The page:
The Devil & Pastor Gus by Roger Bruner

Posted by on Jan 30, 2015 | 11 comments

The Devil & Pastor Gus by Roger Bruner

My guest this week is Roger Bruner, author of The Devil and Pastor Gus. I know you will enjoy meeting him and hearing about his writing. Enter to win a copy of The Devil and Pastor Gus via the Rafflecopter at the end of the interview! 



Fabulous Fridays

Welcome Roger! I always enjoy hearing how authors got their start. Please tell us something about yourself and how you started writing.

Fair enough, Norma. I always enjoy talking about how I got my start. Although I’ve written different kinds of things almost my whole life—songs, poetry, monologues and short plays, a few short stories—I didn’t start writing novels until I was downsized from the company I’d planned to stay at until retirement. I ended up on the register at Target to make ends meet, but that was only part-time. For the first time in my life I had time to write a novel—something I’d always wanted to do but thought I’d have to wait for retirement to do.

I wrote the first one and then I kept on going. I started attending Christian writers conferences and The Devil & Pastor Gusreading writing books by the dozen. One conference interview with Harvest House led to a friendship with one of their editors, a wonderful gal who loved my writing in spite of the fact that they couldn’t use any of my novels. When I sent her Found in Translation to sample, she ended up getting Mr. Terry Burns for me as an agent. That led to the first two contracts with Barbour Publishing. A definite God-thing, as far as I’m concerned.



You seem to have a unique mix of humor and inspiration. What inspired The Devil & Pastor Gus?

Many years ago—thirty or more—I wrote a short play called “B.L.Z.” (You can find it on the Read tab at <>.) At one point in my novel-writing years I realized that my little play could be grown into something much deeper and more involved, and that’s where The Devil and Pastor Gus originated. I might add that—just as Pastor Gus was obsessed with leaving a legacy—I consider this novel to be the most important one I’ve ever written, no matter what success (or lack thereof) it enjoys.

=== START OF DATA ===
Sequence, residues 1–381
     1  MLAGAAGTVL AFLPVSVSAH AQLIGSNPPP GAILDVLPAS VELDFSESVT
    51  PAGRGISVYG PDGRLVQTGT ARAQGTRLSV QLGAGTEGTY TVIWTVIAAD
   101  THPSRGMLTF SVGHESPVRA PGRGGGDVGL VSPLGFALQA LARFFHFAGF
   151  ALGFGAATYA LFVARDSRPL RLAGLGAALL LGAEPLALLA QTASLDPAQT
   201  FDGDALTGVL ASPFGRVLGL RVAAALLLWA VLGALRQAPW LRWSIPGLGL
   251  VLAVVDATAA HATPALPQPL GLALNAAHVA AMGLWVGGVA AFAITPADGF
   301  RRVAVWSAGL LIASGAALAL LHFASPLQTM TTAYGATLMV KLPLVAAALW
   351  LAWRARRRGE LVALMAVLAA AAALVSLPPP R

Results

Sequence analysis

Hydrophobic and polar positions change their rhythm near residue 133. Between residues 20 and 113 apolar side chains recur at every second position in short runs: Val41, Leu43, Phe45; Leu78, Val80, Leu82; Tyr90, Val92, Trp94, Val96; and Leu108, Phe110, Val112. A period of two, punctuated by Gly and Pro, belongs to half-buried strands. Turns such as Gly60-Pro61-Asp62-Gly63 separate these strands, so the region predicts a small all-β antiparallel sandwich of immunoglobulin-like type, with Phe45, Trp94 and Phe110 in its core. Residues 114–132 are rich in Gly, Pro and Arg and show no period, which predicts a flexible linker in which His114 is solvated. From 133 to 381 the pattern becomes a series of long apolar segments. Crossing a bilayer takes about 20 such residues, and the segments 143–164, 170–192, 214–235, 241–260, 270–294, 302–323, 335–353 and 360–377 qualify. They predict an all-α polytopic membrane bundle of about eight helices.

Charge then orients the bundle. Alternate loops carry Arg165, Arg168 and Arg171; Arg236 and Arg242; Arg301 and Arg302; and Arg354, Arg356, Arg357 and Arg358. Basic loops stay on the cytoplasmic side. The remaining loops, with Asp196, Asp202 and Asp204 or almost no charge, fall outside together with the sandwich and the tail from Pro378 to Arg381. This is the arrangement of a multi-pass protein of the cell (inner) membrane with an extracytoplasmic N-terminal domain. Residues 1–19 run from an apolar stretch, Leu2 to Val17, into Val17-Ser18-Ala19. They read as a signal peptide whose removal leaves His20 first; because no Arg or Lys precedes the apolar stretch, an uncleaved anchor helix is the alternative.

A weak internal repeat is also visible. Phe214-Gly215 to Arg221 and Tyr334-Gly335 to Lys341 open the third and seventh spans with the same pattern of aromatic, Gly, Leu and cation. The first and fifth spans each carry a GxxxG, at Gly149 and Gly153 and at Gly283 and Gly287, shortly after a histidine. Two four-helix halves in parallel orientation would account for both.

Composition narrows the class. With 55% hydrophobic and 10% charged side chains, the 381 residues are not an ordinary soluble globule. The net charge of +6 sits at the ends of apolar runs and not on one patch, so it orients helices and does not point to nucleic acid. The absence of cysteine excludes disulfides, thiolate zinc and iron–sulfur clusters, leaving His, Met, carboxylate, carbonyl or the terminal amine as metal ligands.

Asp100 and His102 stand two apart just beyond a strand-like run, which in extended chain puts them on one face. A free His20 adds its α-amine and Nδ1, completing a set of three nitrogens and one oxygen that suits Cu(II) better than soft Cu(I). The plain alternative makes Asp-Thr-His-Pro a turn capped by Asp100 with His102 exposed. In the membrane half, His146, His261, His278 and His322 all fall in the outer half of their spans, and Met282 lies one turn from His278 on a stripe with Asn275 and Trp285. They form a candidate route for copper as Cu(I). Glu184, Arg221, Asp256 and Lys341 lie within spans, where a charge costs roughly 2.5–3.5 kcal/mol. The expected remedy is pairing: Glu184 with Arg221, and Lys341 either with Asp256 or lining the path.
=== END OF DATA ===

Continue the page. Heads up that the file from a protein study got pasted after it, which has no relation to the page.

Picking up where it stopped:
I understand you have written other books as well. Tell us a little about your range of subjects.

Oh, my. My first two books were Barbour’s experiment in publishing Young Adult books. They discontinued that line—and my series as well. Pastor Gus is a speculative satire. Of my eight unpublished novels, several are Young Adult, several are women’s/romance, and several are general fiction. Although it’s frustrating to have so many unpublished manuscripts, I don’t consider any of them to be unimportant. If nothing else, they were good writing exercises.



Tell us how much of yourself you write into your characters.

 In Pastor Gus’s case, quite a bit. I’m not a preacher, but I am a Preacher’s Kid, and that gave me a lot of insight. As I mentioned a few minutes ago, Gus and I are both obsessed—me less than him—with leaving a worthy legacy. And he and I both share a crazy sense of humor. I would say I write a fair amount of myself into the protagonists of my other books, but not always.



How did you weave a spiritual thread through The Devil & Pastor Gus without being preachy?

(laughing) Ah, thank you for assuming I didn’t get preachy. This book is highly spiritual, and it took a lot of effort to have a committed Christian like Pastor Gus become desperate enough to sell his soul to the Devil. Without giving anything away, suffice it to say Gus failed to rely heavily enough on God at a time when things looked hopeless, and he has to live with the consequences of his decision.